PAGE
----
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Published: March 9th 2017
Bandar Seri Begawan may be Brunei's capital city, but it doesn't have a big city feel to it. The bus from Seria took about two hours and our hotel was just round the corner from the dark and dingy surroundings of the bus station. The Brunei Hotel
was very comfortable and, while a bit more expensive than what we normally go for, very good value because of its central location.
We have to say, the city exceeded all our expectations. This began with our visit to the Sultan Omar Ali Saifuddin Mosque.
Yes, it's quite a mouthful. It is breathtakingly beautiful from the outside and non-Muslims are allowed inside. Even though we were appropriately dressed, we still had to borrow a smock each to go in. Once inside we were struck by the simplicity of the design, and we were not allowed far enough inside to see the full effect of the gleaming white cupola underneath the main dome. Outside, the location is everything. The mosque is located on an artificial lagoon, and there is some serious maintenance/expansion work going on at the moment. A ceremonial barge sits on the water and from its deck you get a spectacular view of the mosque in all its glory:
brilliant white marble dripping with gold.
Walking along the river front in Bandar is lovely. There is an interesting sculpture which is in the shape of the Arabic numerals for 60. This was a gift from the people of Brunei to the Sultan to mark his 60th birthday in 2006. From there you get a wonderful view of the Kampong Ayer, the water village of houses on stilts which dominates the river. The next morning we took a water taxi over the river to explore the boardwalks of the village. First we went to the impressive Cultural and Tourism Centre
where we watched a video about how life used to be for the villagers. It seems a shame that there is no longer a floating market dominated by women selling their wares from their boats underneath enormous hats which shaded them from the sun. The price of progress! Next we walked for some time around the stilted houses. Wooden boardwalks lead all over the place. Some parts of the village are beautiful, others functional, and there are some sections we didn't fancy going to as well. Everyone seemed very friendly and it was incredible to get so close to such an unusual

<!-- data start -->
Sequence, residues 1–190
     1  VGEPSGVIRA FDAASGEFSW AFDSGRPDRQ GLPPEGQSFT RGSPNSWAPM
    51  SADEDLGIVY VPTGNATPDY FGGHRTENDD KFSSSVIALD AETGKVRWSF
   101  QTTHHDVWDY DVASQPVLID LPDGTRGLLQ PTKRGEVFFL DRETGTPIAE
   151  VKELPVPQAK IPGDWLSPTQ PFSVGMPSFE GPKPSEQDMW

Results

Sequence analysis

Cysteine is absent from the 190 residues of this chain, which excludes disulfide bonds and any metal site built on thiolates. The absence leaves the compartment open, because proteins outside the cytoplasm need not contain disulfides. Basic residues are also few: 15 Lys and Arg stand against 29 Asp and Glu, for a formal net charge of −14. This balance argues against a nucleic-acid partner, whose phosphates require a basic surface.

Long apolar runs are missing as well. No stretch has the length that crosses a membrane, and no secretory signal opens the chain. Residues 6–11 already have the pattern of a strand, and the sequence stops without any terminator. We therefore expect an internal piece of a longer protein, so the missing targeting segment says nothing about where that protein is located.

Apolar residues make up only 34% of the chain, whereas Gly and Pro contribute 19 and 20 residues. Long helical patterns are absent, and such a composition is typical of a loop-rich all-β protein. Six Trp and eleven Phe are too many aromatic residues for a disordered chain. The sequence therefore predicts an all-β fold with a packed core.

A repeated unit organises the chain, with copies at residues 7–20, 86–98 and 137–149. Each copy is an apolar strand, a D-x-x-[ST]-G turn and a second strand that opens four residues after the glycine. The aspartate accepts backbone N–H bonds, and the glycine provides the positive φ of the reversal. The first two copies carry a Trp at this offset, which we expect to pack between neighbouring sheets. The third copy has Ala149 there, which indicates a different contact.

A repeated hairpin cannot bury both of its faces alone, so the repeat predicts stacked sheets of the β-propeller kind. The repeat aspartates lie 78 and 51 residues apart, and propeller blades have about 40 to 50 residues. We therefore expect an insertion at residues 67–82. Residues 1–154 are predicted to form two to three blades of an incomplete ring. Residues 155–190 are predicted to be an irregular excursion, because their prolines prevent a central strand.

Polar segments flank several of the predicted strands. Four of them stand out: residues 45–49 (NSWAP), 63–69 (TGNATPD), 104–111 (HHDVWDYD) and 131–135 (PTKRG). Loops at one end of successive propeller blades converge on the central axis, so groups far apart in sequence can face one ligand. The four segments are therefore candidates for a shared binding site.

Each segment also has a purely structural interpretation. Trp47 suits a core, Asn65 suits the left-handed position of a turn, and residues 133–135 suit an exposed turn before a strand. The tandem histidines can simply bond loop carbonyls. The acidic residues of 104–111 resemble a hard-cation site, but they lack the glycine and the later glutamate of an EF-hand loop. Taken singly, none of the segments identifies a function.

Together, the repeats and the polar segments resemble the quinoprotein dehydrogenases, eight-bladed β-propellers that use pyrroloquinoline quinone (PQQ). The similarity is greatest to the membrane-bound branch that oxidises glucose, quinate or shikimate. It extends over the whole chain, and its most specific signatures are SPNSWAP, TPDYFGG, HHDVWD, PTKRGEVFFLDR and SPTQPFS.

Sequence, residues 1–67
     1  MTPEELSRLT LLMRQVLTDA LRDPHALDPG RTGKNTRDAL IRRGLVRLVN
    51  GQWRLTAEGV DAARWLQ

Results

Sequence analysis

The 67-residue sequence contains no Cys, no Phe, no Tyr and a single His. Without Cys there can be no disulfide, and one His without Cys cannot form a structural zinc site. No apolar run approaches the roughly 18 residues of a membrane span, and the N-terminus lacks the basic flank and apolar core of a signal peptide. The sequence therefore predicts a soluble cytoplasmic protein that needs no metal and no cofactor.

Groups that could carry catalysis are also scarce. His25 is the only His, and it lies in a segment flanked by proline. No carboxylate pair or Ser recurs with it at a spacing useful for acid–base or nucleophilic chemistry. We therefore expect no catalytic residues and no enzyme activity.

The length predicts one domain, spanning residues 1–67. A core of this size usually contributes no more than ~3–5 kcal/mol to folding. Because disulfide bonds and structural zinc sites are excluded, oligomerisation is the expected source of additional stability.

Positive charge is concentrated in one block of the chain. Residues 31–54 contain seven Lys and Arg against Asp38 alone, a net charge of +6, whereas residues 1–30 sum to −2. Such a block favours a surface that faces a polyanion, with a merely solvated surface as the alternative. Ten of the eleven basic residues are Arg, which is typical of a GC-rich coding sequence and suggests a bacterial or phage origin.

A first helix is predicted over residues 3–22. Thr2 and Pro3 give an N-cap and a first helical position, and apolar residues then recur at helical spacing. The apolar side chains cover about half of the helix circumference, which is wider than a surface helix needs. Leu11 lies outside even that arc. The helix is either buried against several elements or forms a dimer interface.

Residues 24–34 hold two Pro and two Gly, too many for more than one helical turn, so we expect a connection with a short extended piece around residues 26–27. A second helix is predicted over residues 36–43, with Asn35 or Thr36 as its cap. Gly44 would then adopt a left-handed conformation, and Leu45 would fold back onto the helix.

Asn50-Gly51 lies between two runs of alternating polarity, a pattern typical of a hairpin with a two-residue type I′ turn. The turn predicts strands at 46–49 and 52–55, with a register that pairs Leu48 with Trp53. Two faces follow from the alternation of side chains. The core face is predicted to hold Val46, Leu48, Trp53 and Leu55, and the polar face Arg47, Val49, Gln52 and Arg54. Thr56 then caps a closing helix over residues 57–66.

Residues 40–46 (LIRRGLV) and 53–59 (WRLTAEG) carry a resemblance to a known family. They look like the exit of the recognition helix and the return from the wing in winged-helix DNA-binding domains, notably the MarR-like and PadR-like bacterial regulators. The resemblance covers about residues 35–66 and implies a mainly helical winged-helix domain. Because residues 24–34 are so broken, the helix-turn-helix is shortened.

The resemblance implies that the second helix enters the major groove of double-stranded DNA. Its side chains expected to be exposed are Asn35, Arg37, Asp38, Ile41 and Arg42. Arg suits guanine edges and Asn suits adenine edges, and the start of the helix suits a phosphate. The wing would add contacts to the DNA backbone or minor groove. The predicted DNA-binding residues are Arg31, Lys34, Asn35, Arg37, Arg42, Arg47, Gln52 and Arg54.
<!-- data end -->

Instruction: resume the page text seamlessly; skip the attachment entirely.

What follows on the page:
way of life.
Our next task was to flag down a passing speedboat. We wanted to go out to the mangrove swamp and see if we could see any proboscis
monkeys. The guy we stopped didn't want to take us as it was almost lunchtime! He called a friend and soon enough we were speeding down the river getting a glimpse of the Sultan's palace from the waters. Half an hour or so later the boatman slowed down and went right in amongst the trees where he killed the engine. Typically there were no monkeys to be seen! He manoeuvred his way back to the river and then we sat silently in another spot. This time the monkeys did come out to play, but they were quite a long way from us. What strange animals they are with huge, pendulous noses!! All too soon our time was up and we had to head back to the city. It was a great boat trip just for the scenery, and the monkeys really were the icing on the cake.
That evening we took the complimentary transport from the hotel to The Mall in the Gadong area of the city. This